- 400 million viewers on Indian television and across the world on YouTube.
- More than 1.2 billion people have connected with Satyamev Jayate across its website, Facebook, Twitter, YouTube and mobile devices.
- More than 8 million people have contributed a total of more than 14 million responses to the show’s content via Facebook, web comments, text-message votes and a telephone hotline. More than 100,000 new people respond each week.
The responses take all sorts of forms, from votes on a weekly poll question to long, heartfelt letters explaining a viewer’s experience with an issue or how the show has changed their thinking on an issue. And although 95 percent of responses come from India, the show has received them from 5,000 locations in 165 countries, including as far away as northern Canada and Alaska. The show’s topics regularly rank among the top trends on Twitter shortly after each episode airs.
Surprisingly, the producer said, the India-created Satyamev Jayate has not received a single piece of hate mail from bitter geopolitical rival Pakistan. In fact, there have been numerous requests for an episode on India-Pakistan unity. (If you have 90 minutes, here’s an episode on human dignity.)
Parsing through millions of messages
In order keep up with all the messages, Satyamev Jayate turned to Persistent Systems, an Indian IT consultancy with offices around the world, which created a system for automating their analysis. Here’s how the process works. (more…)
Business & Small Business
Published: Thursday, 9 Aug 2012
Ming Yeung | Getty Images
Sir Richard Branson
I have been a keen sportsman since my school days — I love the color and vibrancy of major sporting events. Over the past few weeks, there have been so many to watch: Wimbledon, the Tour de France and now theOlympics in London, where there is a tremendous buzz of excitement in the air. The Bransons are cheering on the British team (plus of course Usain Bolt, my alter-ego.) As we have watched the events, I have been reminded of sport’s many useful lessons for business.
Carefully coordinated teamwork is as important in business as it is in sport. While the benefits of teamwork in soccer, handball and basketball are clear, it isn’t always obvious that similar planning happens behind the scenes in everything from swimming to cycling, where elaborate strategizing and choreographing of the roles played by various team members is required to ensure a first-place finish by any individual star. (more…)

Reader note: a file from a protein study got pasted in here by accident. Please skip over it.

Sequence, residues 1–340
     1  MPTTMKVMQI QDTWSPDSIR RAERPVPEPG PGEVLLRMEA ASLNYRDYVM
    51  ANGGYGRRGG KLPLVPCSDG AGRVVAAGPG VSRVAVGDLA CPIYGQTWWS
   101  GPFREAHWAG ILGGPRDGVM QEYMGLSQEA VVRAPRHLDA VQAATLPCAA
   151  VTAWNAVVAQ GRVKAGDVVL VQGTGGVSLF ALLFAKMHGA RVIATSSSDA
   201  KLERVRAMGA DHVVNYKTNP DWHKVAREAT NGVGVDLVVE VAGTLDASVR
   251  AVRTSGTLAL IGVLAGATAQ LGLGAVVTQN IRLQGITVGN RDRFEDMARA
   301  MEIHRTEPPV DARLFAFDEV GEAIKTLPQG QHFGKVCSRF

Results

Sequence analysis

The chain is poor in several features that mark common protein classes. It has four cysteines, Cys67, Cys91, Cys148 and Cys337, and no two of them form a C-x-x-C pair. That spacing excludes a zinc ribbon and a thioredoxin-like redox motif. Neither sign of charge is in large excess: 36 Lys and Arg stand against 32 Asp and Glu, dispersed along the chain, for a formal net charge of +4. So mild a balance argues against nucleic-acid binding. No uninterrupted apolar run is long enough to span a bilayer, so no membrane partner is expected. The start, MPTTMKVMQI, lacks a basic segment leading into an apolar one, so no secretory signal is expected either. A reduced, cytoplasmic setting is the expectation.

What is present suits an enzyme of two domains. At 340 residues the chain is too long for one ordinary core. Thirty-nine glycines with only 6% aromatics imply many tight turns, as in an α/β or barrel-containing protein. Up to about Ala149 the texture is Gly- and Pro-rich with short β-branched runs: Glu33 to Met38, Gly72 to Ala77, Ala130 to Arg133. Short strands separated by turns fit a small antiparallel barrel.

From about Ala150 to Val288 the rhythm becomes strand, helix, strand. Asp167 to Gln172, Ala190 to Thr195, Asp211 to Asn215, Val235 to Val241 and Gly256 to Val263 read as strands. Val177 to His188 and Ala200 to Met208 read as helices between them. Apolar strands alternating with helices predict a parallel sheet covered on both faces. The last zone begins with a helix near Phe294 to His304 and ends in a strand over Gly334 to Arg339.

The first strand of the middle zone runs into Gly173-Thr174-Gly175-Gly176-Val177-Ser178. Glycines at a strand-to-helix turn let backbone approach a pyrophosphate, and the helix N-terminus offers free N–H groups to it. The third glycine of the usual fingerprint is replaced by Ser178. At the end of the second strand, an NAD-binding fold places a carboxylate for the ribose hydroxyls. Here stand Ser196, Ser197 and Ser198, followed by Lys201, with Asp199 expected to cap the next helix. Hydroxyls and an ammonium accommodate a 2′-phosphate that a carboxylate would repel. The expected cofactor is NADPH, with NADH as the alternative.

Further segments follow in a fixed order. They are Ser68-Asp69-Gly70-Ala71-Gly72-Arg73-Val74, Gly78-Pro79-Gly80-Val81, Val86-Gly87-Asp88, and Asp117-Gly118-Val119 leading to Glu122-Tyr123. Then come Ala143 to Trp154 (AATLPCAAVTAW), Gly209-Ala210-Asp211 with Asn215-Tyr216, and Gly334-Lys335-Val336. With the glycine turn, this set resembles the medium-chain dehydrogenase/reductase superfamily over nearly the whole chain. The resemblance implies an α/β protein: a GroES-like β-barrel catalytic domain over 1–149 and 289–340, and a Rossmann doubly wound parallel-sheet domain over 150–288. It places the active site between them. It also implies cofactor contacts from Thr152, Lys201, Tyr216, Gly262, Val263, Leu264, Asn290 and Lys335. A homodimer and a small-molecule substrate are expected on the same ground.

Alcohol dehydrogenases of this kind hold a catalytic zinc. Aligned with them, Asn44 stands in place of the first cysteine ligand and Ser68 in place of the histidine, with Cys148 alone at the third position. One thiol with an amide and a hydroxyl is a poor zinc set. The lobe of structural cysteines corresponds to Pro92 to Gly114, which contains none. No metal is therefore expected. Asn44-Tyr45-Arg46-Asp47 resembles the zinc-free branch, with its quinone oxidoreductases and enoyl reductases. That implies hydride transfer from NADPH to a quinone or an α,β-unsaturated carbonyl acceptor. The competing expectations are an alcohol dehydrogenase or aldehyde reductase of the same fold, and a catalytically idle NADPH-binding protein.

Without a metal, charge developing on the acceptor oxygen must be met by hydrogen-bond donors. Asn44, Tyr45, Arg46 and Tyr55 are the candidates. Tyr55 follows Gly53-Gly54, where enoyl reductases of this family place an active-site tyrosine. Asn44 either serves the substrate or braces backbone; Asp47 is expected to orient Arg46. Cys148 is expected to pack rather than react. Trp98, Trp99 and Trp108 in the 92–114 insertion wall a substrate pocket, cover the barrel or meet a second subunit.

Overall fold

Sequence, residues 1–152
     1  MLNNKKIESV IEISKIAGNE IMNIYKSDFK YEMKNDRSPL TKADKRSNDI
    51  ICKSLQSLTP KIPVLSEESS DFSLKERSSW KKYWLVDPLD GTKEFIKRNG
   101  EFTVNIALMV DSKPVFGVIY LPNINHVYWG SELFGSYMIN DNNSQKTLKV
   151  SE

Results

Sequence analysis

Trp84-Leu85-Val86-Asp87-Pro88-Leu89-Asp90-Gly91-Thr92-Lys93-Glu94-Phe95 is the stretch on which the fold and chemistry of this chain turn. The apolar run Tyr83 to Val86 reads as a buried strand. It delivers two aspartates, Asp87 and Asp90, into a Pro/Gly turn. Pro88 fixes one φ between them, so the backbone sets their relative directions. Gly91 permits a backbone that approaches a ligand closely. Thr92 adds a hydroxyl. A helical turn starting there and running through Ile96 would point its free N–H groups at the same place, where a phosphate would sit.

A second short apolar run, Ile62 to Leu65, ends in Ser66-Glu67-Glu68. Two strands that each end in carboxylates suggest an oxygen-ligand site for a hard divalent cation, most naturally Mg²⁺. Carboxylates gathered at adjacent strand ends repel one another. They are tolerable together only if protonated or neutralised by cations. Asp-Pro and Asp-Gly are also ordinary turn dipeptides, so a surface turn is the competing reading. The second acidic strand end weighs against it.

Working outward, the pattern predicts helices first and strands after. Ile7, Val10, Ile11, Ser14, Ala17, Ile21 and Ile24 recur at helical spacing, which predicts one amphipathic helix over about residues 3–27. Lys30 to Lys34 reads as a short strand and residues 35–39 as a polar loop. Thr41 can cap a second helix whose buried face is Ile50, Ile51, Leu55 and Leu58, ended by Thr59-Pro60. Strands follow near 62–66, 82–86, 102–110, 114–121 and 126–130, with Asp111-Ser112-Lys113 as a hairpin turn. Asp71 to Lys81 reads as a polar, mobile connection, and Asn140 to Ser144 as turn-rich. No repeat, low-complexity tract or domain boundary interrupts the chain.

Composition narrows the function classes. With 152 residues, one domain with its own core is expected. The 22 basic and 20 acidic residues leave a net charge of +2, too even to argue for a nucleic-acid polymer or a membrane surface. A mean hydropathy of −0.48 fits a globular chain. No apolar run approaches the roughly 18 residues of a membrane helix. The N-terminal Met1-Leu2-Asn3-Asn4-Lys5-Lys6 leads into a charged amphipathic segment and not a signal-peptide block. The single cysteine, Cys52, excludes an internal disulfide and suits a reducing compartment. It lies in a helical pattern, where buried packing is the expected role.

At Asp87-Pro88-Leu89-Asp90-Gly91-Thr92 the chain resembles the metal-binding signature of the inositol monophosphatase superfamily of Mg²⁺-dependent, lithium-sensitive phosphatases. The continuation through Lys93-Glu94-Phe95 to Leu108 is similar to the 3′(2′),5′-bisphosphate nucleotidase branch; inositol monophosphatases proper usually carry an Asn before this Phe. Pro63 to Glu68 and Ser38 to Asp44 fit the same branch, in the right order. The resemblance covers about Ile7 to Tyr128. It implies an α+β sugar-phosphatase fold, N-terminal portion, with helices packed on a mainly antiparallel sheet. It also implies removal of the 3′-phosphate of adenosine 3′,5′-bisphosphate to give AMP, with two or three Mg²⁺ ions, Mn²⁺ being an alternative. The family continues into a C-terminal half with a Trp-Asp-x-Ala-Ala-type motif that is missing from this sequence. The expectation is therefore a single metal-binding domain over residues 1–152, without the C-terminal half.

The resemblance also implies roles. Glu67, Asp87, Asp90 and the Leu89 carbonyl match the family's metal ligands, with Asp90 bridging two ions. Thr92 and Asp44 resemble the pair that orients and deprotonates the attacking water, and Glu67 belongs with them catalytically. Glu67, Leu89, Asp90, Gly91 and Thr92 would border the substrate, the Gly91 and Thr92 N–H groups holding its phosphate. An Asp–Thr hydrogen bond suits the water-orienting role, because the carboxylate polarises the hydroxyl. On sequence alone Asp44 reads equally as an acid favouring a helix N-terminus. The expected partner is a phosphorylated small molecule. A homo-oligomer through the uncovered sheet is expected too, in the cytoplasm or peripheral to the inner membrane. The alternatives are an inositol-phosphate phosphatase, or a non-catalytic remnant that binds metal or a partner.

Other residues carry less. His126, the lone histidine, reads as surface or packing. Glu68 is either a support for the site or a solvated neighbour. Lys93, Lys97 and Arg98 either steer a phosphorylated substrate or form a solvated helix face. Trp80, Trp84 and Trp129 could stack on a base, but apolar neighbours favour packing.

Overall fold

In Style Moments
Por Redacción Instyle | Jueves 09 de agosto de 2012
La guapa conductora, actual portada de InStyle, posó con creaciones de Stella McCartney, Alexia Ulibarri, Chloé, Cacharel y Just Cavalli.
“Pensamos en Montserrat porque es un personaje muy divertido y, como estaba a punto de irse a las Olimpiadas, había mucho que queríamos que nos platicara”, nos cuenta la editora adjunta de InStyle, Itziar Carracedo. “Nuestra intención es mostrarla tal como es: relajada y cool, como si estuviera en cualquier día normal, no en pose de modelo”.
By Michael Carney
On August 8, 2012
Yesterday, upstart teen- and tween-focused YouTube channelAwesomenessTV announced its $3.5 million in Series A financing with little fanfare. I was able to catch up with the channel’s founder and its lead investor to learn the real story of how this young network is actually poised to be the next Nickelodeon.
Although launching to the public only six weeks ago, AwesomenessTV is a project two years in the making which was galvanized by a $5 million grant through YouTube’s original content initiative. Founded by former Nickelodeon and WB producer/director Brian Robbins, the nascent video network has accumulated more than 12 million views and is approaching 90,000 subscribers in just a few weeks. Robbins is targeting a quarter million subscribers by year’s end and half million within 12 months — at that point it will equivalent in scale to many cable networks.